Today a reader, tomorrow a leader – The Sun Nigeria

I saw the headline of this article on the notice board of a school and it struck me. The reality hit me on the face! Today a Reader, Tomorrow a Leader. I later discovered that this nugget was originally from W. Fussleman. 

I began to think about the link between reading and leadership, not just political leadership, but leadership in any field; reading wide is a habit of leaders.

I planned to finish four books that I started last year, and work on four new ones this year. These books initially seemed difficult for me to write because of serious distractions, but I have now embarked on the task of writing, despite all the odds, after I read some inspiring books. Thanks also to the holiday caused by the COVID-19 lockdown.

What separates the boys from the men is the capacity to perform when it is clearly impossible. To do the impossible, you need a higher level of motivation than you have right now. And where do you get motivated or inspired? It is by reading good authors who inspire with their exciting narratives. Books are packed with life-changing thoughts.

The word of God, the Bible, came to us through the written word. Christians call it logos, its Greek name. Books saved us from losing the world’s irreplaceable treasures in the form of landmark theories, thesis and records that transformed the world. Science changed the world. It came through books. That’s why we must read to develop to our full potential.

To be a leader in the modern world, you must be a reader. No society tolerates an ill-informed leader nowadays. Semi-educated leaders have ruled many societies in the past, and wrought havoc; as we know that half education is a dangerous thing. This half education is the bane of Christendom today. Many folks who are not well instructed in things of the Spirit have set up ministries, creating confusion and mayhem in the Body of Christ.

Some of our politicians and professionals don’t read. Even those who claim to be educated do not update their learning. It has been proved that five years after graduation, you may not be able to pass your terminal examination if you were to resit, no matter how brilliant you are. Unless you refresh and study all over again, you can’t pass your terminal examination.

I have noticed that barely a week after reading a book, I hardly remember 80 to 90 per cent of the contents, not that I have memory leak or a poor retentive memory, not at all. Of course, as we grow old, our memory tends to dim. We tend to become forgetful as we age.

So, it is proper that we keep reading and re-reading to stay informed. You hardly find libraries in most homes in this part of the world. Blacks, most black people, do not read. That’s why it is said that if you want to hide a thing from a Black person, put it inside a book.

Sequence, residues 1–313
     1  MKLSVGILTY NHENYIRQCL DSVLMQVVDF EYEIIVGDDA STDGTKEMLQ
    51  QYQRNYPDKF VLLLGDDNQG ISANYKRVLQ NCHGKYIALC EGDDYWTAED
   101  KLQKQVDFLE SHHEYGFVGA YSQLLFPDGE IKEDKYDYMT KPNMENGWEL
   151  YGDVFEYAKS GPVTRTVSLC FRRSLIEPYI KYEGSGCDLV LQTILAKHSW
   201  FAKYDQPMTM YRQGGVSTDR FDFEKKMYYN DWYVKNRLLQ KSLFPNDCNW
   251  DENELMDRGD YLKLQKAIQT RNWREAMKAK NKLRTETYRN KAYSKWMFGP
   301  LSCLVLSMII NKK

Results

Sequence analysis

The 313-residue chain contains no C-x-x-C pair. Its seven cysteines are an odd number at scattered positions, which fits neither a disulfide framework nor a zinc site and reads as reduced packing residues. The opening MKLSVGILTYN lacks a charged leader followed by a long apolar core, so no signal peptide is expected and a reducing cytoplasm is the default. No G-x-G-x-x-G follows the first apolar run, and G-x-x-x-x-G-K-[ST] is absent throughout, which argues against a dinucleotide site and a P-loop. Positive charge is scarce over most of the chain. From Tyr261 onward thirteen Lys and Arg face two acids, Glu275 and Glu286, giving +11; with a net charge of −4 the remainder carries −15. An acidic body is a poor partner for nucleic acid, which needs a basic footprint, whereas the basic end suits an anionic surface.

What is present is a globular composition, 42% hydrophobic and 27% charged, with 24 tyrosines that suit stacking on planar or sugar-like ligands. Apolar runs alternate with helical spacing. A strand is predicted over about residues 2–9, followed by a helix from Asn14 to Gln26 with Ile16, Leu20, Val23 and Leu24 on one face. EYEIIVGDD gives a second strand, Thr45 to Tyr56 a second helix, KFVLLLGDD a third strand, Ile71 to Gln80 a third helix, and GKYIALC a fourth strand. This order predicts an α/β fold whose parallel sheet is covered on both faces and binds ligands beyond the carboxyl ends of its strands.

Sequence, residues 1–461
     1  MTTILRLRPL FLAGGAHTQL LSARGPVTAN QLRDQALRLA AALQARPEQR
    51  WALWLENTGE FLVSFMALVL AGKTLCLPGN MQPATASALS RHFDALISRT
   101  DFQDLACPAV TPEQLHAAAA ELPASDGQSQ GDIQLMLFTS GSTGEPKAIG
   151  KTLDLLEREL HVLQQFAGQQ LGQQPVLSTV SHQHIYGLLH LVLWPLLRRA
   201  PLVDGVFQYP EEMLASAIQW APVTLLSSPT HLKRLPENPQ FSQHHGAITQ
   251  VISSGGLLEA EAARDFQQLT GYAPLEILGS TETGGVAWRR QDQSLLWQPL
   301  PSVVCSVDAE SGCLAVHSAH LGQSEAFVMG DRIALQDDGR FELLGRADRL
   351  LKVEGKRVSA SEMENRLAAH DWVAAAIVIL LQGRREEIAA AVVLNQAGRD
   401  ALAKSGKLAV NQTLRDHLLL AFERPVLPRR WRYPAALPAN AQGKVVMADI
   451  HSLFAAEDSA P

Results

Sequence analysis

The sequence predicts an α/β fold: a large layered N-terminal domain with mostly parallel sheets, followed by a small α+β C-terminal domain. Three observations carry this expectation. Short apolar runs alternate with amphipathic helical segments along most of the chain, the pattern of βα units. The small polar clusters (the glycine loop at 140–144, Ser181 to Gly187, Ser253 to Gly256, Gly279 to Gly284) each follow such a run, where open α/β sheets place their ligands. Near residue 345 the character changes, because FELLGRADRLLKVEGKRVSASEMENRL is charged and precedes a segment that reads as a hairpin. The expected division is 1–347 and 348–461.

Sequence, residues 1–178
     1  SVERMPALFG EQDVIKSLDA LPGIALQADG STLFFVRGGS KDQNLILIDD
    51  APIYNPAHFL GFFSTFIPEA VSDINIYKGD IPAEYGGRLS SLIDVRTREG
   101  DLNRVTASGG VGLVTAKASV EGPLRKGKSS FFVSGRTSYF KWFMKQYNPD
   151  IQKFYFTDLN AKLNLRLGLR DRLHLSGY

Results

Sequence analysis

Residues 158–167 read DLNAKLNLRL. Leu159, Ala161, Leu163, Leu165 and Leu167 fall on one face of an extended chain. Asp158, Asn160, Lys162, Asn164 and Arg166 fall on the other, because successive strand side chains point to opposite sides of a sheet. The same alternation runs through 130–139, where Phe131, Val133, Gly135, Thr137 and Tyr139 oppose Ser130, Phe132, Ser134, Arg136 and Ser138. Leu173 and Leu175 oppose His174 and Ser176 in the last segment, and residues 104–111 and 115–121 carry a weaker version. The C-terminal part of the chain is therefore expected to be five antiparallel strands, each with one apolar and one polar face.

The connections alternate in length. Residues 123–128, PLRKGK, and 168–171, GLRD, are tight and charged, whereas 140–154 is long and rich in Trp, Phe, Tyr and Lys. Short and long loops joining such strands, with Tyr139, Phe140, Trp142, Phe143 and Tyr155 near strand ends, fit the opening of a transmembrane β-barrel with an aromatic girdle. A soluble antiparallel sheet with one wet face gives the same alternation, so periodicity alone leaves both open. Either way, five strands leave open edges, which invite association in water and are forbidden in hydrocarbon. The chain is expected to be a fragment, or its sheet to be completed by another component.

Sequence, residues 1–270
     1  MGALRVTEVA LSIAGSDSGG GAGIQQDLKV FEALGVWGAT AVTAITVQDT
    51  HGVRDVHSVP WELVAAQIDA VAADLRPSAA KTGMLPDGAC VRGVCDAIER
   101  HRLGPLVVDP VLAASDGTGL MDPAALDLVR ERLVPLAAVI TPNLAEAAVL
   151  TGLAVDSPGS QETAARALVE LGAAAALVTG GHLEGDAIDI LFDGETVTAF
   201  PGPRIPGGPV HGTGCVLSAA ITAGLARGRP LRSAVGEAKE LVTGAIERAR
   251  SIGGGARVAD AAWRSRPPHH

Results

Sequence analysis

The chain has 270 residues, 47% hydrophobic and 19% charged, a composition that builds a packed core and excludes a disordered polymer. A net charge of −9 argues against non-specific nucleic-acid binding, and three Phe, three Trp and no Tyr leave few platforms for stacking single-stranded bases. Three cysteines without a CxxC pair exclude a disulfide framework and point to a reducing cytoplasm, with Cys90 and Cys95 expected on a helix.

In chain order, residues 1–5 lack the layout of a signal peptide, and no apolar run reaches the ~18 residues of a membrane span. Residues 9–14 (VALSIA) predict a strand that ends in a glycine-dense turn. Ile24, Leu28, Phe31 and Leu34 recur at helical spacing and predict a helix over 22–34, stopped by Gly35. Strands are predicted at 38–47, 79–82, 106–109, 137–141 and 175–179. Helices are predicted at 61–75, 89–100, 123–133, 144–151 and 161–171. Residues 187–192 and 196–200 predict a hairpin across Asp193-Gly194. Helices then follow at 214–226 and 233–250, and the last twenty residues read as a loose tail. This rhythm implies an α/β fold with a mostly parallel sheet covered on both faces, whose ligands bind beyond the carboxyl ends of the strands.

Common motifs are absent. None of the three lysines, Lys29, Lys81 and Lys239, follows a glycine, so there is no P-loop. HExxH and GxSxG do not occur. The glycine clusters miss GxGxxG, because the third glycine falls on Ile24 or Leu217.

We can change that. Currently, seven of the hi-tech companies in the world are in the United States of America. The USA is the No. 1 industrial nation in the world because its leaders invest in research and development. People in all developed nations read.

Every advanced nation is populated by readers. Third World nations, on the other hand, are riven by religious and ethnic strife because people there are not educated. Most Third World nations are ruled by wicked, corrupt, incompetent, ill-educated leaders, who survive in power mainly because they play the ethnic and religious card.

However, when a people are educated, they become difficult to rule but easy to lead. A ruler speaks of dictators or other forms of oppressive governance mostly found in developing nations. You find leaders mostly in First World nations because their people are educated and, therefore, can’t be misled by their leaders.

In Third World countries, it is often difficult to conduct free and fair elections. Almost every election is marred by violence, thuggery and religious/ethnic mayhem. Disputed elections end up in prolonged, time-consuming, financially-sapping litigations in these countries. And because governance is often the most viable business, political contests are do-or-die affairs. Politicians run incendiary campaigns that result in widespread killings and maiming of innocent people.

The UNESCO recommends that nations budget 26 per cent of their revenue for education, but most Third World countries hardly invest more than half that figure in this important sector. That accounts for the decrepit education infrastructure and poor reading culture in those nations.

My counsel for young Blacks is this: you must change your paradigm, if you hope to progress in life. You have to bend down and read to know what’s going on in the world. Too much television is not good for you. Too much focus on the social media is not good for you. Any form of harmful addiction like pornography, sexual indiscipline, drugs, alcohol, etc, will destroy you. Read, read and keep reading. Remember, today a reader, tomorrow a success. Take that home!

Weekend Spice: The devil can’t take any place in you unless you give it to him

– Kenneth E. Hagin

Ok folks, let’s do it again next Friday. Stay motivated.

•Ayodeji is an author, rights activist, pastor and life coach. He can be reached on [email protected] and 09059243004 (SMS only)

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